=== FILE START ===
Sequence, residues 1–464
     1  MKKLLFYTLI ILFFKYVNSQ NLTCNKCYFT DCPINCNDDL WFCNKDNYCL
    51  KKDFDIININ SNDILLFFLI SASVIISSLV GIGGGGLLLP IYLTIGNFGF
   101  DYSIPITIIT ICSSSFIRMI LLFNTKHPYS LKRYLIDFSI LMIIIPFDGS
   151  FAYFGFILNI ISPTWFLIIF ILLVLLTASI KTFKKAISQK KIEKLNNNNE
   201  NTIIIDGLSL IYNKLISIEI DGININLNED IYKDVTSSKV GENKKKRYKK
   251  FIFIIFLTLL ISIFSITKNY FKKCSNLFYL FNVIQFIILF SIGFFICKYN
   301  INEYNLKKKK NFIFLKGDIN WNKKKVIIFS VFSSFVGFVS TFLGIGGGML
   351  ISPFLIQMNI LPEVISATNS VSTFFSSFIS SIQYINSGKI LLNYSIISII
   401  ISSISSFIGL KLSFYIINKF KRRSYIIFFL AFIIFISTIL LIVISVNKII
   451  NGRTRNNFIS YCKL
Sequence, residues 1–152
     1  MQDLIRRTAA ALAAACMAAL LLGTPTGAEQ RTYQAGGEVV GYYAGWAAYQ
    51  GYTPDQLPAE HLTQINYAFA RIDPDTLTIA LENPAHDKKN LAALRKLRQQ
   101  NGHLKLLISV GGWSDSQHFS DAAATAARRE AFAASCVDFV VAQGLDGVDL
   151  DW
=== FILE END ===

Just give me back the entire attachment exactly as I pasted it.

Sequence, residues 1–464
     1  MKKLLFYTLI ILFFKYVNSQ NLTCNKCYFT DCPINCNDDL WFCNKDNYCL
    51  KKDFDIININ SNDILLFFLI SASVIISSLV GIGGGGLLLP IYLTIGNFGF
   101  DYSIPITIIT ICSSSFIRMI LLFNTKHPYS LKRYLIDFSI LMIIIPFDGS
   151  FAYFGFILNI ISPTWFLIIF ILLVLLTASI KTFKKAISQK KIEKLNNNNE
   201  NTIIIDGLSL IYNKLISIEI DGININLNED IYKDVTSSKV GENKKKRYKK
   251  FIFIIFLTLL ISIFSITKNY FKKCSNLFYL FNVIQFIILF SIGFFICKYN
   301  INEYNLKKKK NFIFLKGDIN WNKKKVIIFS VFSSFVGFVS TFLGIGGGML
   351  ISPFLIQMNI LPEVISATNS VSTFFSSFIS SIQYINSGKI LLNYSIISII
   401  ISSISSFIGL KLSFYIINKF KRRSYIIFFL AFIIFISTIL LIVISVNKII
   451  NGRTRNNFIS YCKL
Sequence, residues 1–152
     1  MQDLIRRTAA ALAAACMAAL LLGTPTGAEQ RTYQAGGEVV GYYAGWAAYQ
    51  GYTPDQLPAE HLTQINYAFA RIDPDTLTIA LENPAHDKKN LAALRKLRQQ
   101  NGHLKLLISV GGWSDSQHFS DAAATAARRE AFAASCVDFV VAQGLDGVDL
   151  DW